The annual pilgrimage of Muslims to Saudi Arabia – Hajj – has reached nearly two million people.

Hajj is one of the five Pillars of Islam – duties all practising Muslims should perform during their lives – which means Muslims from all over the world travel to Mecca, Saudi Arabia, to make the journey.

The holy pilgrimage needs to be performed by every Muslim at least once during their life, if they are financially able to undertake it.

The Mount of Arafat is where Muslims believe Prophet Muhammed gave his last sermon and where he was accompanied by his followers to conduct his final Hajj.

Um Fadi, told Reuters: "I have prayed to God to have mercy on us, give us relief and resolve Syria's crisis."

"From the bottom of my heart, I pray that God will lift this agony from Syria and its people," she added.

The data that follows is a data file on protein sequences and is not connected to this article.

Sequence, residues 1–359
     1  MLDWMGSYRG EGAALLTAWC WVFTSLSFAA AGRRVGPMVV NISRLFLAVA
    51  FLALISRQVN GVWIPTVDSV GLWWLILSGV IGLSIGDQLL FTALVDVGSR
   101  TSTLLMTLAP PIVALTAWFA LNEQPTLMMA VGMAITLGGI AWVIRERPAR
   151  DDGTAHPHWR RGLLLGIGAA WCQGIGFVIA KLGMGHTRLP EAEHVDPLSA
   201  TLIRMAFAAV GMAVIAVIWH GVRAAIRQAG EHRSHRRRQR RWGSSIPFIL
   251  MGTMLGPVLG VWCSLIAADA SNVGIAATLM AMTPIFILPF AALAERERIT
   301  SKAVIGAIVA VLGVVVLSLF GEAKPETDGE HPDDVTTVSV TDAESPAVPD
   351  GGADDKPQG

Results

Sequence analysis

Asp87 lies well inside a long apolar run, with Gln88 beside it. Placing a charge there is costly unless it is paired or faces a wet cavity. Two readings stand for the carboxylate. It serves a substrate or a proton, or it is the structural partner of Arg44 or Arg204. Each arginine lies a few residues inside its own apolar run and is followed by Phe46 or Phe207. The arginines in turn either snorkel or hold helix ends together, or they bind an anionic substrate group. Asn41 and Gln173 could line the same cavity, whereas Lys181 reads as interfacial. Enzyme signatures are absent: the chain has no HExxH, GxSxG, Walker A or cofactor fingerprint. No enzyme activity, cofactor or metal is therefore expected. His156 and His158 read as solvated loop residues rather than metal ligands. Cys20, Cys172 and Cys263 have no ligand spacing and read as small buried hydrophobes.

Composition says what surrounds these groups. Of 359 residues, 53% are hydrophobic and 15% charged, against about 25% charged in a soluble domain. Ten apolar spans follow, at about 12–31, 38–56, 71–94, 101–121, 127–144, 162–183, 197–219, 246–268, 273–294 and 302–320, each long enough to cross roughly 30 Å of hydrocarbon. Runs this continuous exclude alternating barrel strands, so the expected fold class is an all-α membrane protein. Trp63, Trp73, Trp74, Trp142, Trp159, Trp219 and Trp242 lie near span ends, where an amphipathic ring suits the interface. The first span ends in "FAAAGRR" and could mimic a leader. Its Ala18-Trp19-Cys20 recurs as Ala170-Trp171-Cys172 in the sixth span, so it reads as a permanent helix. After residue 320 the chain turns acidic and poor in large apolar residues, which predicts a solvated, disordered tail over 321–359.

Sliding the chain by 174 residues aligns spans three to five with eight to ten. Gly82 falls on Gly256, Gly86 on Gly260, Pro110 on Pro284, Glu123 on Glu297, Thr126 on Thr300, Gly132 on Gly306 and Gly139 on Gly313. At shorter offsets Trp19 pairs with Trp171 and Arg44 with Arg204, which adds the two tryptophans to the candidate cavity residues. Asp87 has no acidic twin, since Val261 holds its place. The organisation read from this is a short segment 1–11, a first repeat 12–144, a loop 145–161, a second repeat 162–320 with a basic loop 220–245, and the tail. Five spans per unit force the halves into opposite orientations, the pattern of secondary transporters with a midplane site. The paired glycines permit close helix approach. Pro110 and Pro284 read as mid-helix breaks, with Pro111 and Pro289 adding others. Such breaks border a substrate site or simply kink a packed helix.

On the day before Eid Al Adha – a celebration which marks the final day of Hajj – Muslims offer day-long prayers at the Mount of Arafat.

Eid Al Adha, which means "Festival of the Sacrifice" in Arabic, commemorates the occasion when the Prophet Abraham followed God's order to kill his young son to honour him.

The Saudi Supreme Court revealed that Eid Al Adha will be on 12 September. As the Islamic calendar is lunar, the date of festivals on Western Gregorian calendars changes every year.

Last year almost 800 Iranian pilgrims were killed and nearly 2,000 in total killed at the Mount, according to Reuters. The Saudi government has deployed drones to prevent the same tragedy from happening again.

Iran has been banned from this year's Hajj. The country endorsed an alternative event on Saturday (10 September) at the holy city of Karbala in Iraq instead, according to the CCTV America.

Tensions between Iran, where Shitte Islam dominates, and Saudi Arabia, where Sunni Islam is the state religion, are running high. Ayatollah Ali Khamenei has accused the Saudi royal family of murder regarding the stampede.

A prominent Saudi cleric retaliated by saying Iran's leaders are "not Muslim".